The draft bill for a supply chain law passed on 11 February 2021 is intended to oblige companies to pay more attention to compliance with minimum social and ecological standards with suppliers abroad. Non-compliance with the due diligence obligations is to be punished with fines and exclusion from the awarding of public contracts.
The current draft provides that the new regulations will apply from 2023 for companies with more than 3,000 employees and from 2024 for companies with more than 1,000 employees. This means that the law would affect about 600-700 companies in Germany from 2023 and about 3,000 from 2024. However, many observers assume that a mechanism will be set in motion by the Supply Chain Act: In the medium term, medium-sized companies would also be affected, as full transparency in the supply chain would then be required and this would also be demanded of suppliers in Germany.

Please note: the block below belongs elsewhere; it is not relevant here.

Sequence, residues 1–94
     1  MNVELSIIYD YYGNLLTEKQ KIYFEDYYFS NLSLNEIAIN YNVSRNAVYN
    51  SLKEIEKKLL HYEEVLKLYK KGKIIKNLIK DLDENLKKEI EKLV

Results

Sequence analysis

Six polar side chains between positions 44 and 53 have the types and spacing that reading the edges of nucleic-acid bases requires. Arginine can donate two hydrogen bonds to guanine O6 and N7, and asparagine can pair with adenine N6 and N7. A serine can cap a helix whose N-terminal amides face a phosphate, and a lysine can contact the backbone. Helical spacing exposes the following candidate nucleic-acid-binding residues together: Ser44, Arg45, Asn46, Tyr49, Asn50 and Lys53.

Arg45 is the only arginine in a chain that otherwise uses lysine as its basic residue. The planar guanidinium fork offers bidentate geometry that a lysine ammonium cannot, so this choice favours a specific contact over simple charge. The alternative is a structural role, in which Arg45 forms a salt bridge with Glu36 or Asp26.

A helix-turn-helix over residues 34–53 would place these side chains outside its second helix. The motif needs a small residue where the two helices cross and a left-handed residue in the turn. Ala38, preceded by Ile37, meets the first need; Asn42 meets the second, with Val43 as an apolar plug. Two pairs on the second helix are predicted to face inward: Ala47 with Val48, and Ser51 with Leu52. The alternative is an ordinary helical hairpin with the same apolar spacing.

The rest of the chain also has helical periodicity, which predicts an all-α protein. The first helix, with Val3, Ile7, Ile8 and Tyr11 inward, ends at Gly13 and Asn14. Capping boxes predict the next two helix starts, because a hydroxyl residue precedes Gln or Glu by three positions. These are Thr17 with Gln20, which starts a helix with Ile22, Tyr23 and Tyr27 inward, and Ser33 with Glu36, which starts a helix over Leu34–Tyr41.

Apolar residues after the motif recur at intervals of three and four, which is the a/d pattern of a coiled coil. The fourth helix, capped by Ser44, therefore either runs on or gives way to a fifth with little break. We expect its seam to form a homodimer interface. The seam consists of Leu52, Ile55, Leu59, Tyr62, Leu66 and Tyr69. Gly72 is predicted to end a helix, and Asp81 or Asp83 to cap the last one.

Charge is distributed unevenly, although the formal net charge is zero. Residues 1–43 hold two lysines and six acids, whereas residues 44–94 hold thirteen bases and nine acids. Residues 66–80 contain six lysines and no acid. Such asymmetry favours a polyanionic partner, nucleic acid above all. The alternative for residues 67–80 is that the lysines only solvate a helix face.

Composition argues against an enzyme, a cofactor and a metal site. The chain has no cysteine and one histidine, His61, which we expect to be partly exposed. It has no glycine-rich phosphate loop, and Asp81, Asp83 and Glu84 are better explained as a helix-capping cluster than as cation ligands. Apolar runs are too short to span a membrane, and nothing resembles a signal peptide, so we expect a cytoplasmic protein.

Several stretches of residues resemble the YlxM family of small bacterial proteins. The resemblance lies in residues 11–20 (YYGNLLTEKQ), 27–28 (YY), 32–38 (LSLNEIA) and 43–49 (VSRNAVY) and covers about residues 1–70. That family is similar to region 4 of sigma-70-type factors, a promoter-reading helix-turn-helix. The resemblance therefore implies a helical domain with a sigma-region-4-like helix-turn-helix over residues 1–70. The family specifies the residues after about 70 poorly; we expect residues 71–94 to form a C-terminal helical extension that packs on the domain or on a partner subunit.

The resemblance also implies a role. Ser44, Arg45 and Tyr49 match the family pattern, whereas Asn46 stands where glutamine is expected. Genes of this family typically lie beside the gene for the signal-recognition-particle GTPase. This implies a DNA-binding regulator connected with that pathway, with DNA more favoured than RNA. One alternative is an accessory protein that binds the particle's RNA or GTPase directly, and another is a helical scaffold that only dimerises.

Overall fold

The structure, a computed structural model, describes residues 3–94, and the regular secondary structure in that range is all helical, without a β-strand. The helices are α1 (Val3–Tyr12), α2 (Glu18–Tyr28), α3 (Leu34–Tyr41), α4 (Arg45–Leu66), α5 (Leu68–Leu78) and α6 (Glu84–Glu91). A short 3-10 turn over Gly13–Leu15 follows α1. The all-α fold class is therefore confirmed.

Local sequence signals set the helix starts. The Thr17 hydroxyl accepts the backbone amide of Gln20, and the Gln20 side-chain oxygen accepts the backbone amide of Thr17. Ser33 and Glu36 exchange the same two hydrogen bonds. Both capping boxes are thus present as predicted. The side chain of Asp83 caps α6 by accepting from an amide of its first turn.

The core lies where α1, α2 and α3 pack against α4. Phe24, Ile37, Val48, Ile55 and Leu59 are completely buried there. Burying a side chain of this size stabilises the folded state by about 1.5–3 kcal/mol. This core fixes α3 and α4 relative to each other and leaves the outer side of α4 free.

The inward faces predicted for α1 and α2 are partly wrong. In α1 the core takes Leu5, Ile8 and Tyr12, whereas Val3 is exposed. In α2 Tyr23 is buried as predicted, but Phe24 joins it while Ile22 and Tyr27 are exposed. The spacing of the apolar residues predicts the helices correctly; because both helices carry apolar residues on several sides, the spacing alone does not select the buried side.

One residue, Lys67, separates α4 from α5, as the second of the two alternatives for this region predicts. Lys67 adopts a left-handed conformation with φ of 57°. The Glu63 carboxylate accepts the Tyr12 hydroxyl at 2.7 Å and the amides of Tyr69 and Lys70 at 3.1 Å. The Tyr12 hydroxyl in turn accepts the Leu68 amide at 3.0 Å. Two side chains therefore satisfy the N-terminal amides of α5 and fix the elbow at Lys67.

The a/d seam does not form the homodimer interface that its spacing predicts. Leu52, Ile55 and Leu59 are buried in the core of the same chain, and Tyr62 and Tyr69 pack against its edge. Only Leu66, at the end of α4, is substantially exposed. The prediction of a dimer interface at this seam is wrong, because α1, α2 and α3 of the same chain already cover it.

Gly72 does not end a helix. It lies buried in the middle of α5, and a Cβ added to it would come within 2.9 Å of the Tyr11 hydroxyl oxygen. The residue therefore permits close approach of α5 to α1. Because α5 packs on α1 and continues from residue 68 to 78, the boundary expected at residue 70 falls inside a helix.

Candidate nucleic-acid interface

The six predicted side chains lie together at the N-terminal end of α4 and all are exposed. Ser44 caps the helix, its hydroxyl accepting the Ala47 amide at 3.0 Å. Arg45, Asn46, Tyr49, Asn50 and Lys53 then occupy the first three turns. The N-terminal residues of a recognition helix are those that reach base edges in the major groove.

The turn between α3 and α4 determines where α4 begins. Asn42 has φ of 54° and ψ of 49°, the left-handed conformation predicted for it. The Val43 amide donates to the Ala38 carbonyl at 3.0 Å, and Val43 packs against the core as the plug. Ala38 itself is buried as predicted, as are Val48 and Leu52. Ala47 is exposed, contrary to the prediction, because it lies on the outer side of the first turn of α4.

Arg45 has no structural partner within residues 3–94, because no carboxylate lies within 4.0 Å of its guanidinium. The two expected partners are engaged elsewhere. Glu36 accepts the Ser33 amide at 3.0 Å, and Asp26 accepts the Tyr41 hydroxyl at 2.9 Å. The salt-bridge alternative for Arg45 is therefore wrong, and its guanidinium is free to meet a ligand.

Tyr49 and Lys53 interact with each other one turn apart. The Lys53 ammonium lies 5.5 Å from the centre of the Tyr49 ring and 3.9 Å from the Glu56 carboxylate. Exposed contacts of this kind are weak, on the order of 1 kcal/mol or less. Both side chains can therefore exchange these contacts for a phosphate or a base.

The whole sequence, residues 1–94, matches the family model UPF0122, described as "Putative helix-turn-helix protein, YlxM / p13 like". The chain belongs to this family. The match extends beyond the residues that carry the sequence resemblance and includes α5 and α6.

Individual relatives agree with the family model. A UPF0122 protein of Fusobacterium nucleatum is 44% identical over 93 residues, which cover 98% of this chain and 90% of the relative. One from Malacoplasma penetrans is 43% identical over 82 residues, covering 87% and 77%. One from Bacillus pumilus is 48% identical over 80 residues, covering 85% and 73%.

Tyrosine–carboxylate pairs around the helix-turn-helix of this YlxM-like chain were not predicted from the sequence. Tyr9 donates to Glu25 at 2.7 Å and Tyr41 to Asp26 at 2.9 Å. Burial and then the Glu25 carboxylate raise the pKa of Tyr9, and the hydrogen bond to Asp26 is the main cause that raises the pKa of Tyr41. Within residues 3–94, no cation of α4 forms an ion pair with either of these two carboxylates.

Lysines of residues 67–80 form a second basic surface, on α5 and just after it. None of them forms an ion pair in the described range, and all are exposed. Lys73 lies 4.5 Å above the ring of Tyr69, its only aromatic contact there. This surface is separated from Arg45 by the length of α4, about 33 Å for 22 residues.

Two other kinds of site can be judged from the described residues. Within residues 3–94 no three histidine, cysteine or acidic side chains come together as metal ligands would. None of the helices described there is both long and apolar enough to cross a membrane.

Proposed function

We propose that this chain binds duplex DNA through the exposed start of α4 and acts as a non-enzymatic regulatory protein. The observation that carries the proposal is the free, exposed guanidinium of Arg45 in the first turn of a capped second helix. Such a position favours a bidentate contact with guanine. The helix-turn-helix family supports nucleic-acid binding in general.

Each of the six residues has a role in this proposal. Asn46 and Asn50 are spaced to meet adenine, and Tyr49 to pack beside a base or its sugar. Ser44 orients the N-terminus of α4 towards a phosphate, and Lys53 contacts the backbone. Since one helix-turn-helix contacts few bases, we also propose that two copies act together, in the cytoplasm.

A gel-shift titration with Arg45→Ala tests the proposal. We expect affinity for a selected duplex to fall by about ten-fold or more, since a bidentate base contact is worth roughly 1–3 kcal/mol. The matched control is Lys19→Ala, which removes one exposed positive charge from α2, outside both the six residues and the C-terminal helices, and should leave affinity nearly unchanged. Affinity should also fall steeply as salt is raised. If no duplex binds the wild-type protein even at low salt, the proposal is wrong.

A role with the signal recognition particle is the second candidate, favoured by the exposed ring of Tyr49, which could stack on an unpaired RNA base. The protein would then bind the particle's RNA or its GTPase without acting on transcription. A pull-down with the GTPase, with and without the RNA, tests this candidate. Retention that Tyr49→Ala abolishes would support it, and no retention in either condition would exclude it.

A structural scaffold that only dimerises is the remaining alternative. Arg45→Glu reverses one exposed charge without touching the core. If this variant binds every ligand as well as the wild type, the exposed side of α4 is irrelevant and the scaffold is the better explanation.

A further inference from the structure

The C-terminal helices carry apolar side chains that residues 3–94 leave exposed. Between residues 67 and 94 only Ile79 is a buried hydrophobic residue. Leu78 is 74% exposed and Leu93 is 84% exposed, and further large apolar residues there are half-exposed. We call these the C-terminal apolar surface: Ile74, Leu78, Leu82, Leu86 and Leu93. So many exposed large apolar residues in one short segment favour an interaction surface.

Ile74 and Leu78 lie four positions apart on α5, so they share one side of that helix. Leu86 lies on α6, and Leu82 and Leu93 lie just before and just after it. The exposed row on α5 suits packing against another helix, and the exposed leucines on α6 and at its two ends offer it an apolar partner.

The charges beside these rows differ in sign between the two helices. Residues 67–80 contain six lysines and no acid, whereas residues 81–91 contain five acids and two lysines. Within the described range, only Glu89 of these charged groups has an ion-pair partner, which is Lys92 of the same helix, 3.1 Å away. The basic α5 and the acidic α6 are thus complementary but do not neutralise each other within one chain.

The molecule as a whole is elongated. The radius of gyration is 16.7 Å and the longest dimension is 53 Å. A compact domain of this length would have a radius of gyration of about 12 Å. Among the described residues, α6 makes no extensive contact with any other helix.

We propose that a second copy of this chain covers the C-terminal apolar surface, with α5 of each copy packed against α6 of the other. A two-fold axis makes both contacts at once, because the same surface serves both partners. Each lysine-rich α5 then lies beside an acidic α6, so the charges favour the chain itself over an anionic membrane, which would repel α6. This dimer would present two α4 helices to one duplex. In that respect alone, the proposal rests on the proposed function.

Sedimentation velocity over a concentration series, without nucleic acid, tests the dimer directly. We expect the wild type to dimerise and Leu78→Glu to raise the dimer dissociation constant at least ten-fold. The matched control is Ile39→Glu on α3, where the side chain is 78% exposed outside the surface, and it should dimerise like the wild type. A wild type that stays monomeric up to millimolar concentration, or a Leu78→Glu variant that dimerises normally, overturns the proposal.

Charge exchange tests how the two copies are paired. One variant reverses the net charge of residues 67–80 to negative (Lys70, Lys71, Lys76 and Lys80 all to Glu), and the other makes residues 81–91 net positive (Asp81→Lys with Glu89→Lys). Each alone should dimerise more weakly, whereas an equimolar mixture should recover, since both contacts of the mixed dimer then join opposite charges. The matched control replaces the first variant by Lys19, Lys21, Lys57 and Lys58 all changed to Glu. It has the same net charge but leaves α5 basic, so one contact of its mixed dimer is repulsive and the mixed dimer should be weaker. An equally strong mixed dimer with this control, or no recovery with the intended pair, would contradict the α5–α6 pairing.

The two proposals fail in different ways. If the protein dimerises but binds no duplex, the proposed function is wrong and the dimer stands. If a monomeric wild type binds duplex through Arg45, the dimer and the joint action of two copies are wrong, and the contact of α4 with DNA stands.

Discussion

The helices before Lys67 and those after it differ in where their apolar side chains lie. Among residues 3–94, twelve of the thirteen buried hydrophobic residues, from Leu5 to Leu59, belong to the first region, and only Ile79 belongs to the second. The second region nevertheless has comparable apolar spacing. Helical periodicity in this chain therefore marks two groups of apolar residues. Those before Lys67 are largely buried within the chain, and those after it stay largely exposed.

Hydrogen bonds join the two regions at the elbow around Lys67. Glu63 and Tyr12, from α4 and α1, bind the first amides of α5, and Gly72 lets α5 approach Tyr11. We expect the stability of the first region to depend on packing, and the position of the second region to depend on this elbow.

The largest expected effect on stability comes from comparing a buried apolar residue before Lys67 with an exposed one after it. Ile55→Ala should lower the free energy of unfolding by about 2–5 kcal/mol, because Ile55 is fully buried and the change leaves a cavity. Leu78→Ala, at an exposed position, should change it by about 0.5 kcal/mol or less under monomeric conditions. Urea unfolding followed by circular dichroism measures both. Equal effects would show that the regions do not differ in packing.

The due diligence required by the Supply Chain Act should initially only apply to direct suppliers, i.e. not to the entire supply chain. In future, the companies concerned should check more closely: Are the working conditions on site adequate? Are fundamental standards for the protection of health and the environment adhered to? Is child labour excluded?
Once a year, the companies concerned are to report on how they ensure compliance with the standards in their own company and with all direct suppliers from abroad. Even if violations become known at the beginning of the supply chain, the company must act, investigate the entire supply chain and disclose it.
Arqum offers you a quick check on the extent to which your company could be affected from 2023/2024 and how you are positioned with regard to the supply chain (complexity of the supply chain, level of information on suppliers, etc.).
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